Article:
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MouseDoctor

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  • Hi. I’m RRMS, HSCT done in 2014 and relapsed in 2018 (probably due to the high stress factor). HSCT done a great job for me. EDSS dropped from 5,5 to 1,5 and I’m still doing well. Although new active liaisons has shown on my three latest MRIs (done every 6 months). What treatment would you recommend in my case? Thanks.

  • Professor G has mentioned that anticholinergic agents are to be avoided in MS. Would you recommend that MS patients stir completely clear of all anticholinergic agents or the level of the anticholinergic effect matters? Is there any literature regarding which antidepressants tend to work well on MS patients? Thank you beforehand for your reply

  • Professor G has mentioned that anticholinergic agents are to be avoided in MS. Would you recommend that MS patients stir completely clear of all anticholinergic agents or the level of the anticholinergic effect matters? Is there any literature regarding which antidepressants tend to work well on MS patients? Thank you beforehand for your reply

      • Re: “Is there any literature regarding which antidepressants tend to work well on MS patients?”

        Anti-depressants are like horses for courses, i.e. some work well in some patients and not others. In relation to this question, I would suggest avoiding the so-called tricyclic anti-depressants as they have quite potent anticholinergic effects and are CNS penetrant. We don’t really use the tricyclics for depression anymore because they are so poorly tolerated at antidepressant doses.

        If you have pain, which is common in pwMS who are depressed, duloxetine seems to work well.

    • Re: “Would you recommend that MS patients stir completely clear of all anticholinergic agents or the level of the anticholinergic effect matters?”

      Yes and no! As a general rule, you should try and avoid anticholinergics, particularly the older generation ones that are CNS penetrant and affect cognition. The newer generation ones are much better tolerated and are designed not to cross the blood-brain-barrier. However, these agents still have side effects in the periphery (dryness of the mouth, blurring of vision, constipation, reduced sweating, etc.). There is no harm in taking them for a short period of time to see how you do. The good news is that there is a new class of bladder drug that works on the adrenergic system and does have anticholinergic side effects.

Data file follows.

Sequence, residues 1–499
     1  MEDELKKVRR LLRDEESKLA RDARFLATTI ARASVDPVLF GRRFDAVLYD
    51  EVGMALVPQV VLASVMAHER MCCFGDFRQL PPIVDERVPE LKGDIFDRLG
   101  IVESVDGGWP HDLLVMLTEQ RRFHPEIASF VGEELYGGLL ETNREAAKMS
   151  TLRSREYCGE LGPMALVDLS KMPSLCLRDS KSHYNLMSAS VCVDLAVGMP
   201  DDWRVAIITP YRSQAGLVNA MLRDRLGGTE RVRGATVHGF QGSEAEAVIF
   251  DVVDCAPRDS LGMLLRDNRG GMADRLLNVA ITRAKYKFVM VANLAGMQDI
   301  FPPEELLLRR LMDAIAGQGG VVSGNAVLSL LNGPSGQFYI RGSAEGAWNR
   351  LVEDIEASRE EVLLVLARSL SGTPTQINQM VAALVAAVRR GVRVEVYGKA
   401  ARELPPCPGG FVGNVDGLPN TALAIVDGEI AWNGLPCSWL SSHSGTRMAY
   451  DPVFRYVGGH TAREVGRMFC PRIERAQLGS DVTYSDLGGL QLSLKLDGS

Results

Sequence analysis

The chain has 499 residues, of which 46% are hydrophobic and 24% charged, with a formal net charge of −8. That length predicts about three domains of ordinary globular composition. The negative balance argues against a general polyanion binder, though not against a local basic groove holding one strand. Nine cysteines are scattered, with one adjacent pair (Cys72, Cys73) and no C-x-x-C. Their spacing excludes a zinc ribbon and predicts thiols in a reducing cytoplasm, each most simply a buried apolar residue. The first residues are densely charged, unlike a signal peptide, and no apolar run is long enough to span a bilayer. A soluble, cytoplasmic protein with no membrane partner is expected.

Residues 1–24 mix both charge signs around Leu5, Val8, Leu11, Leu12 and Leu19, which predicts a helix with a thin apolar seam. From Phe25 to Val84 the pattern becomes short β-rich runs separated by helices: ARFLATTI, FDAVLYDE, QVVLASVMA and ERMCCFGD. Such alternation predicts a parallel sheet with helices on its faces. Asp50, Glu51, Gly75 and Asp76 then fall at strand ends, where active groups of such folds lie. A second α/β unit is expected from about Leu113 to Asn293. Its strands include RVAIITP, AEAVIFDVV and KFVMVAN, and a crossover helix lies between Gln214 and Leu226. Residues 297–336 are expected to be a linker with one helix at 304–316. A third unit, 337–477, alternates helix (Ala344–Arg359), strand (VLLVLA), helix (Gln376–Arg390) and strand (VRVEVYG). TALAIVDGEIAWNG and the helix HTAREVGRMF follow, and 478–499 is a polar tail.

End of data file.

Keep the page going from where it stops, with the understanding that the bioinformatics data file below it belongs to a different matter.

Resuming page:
• is there any table/ diagram that can be used for patients on DMTs who are considering a switch to another for whatever reason… be it forced (I,e, on tysabri the patient becomes JCV+ with a risky tire level) or due to lifestyle reason (patient doesn’t want to have monthly infusions).

    The visual/ chart, allows the patient to see what are options/ generic recommendations to move onto next.

    if one does exist, then please could someone post a link?

  • Hi Profs & MS Community, following a recent shed load of blood tests, I have been given the thumbs up for the treatment ocrelizumab at the end of the month. My lymphocytes were low after a lengthy period on tecfidera. It has taken 15 months for my bloods to show that they have reached a steady ish time to enable me to have the ocrelizumab. I am of course nervous as my MS is daily active with pain, stiffness, spasticity, bathroom & diet problems along with numbness of my right foot. I’m not sure where I am in terms of progression and maybe that is a good thing! I’m told and have read that I also have gum disease (inflamed gums) – so along with tinnitus, burning pain in my neck and head, I feel awful daily & am now taking opoid patches to help me get through the day. I need to also understand how does ocrelizumab work on my immune system and not bring me back to where I was with the tecidera? Am I just buying myself a possible 1 year to 18 mths worth of no further systoms?

  • Ocrevus and Hypogammaglobulinemia

    I read your article about Ocrevus patients developing Hypogammaglobulinemia.

    I am diagnosed with Selective Antibody Disorder and Multiple Sclerosis and using Ocrevus as my DMT. I am prescribed Hizentra to treat the PI.

    Does using Immune Globulin increase the risk of incomplete B-cell depletion or create an environment where B cells regenerate more quickly? Before each of my Ocrevus infusions, my B cells are higher than expected even on a 5.5 month dosing schedule (they are incrementally creeping up higher and higher at testing each infusion cycle.

    Does the Hizentra raise my B cell count?
    Thoughts on the risk/benefit scenario?
    Anything else we should be tracking or investigating?

    Thanks.

  • Fatigue/ lassitude in MS occurs often, but is not well understood. One theory is that it might be caused by an immune response.
    In your opinion does fatigue completely resolve after successful (IRT)treatment?

    Fatigue is one of the main complaints in MS, are there any studies that investigate the cause?

      • Yeah, i kinda guessed that was the case. One study actually found an increase in axonial degeneration when mice were administered NMN (small study with poor design). Prof David Sinclair is pushing this stuff as an anti-aging drug. However, NAD+ fuels tumour growth. So…….

    • Isn’t the theory of BBB not leaving lymphocytes to enter the brain becoming obsolete? We have several recent studies reporting that lympocytes do cross BBB in healthy people too, and for a good purpose (of course this is not the case for MS).

      And most importantly, B cells again? Boring, with limited effectiveness and without imagination. This is why Pharma would be thrilled with such an idea.

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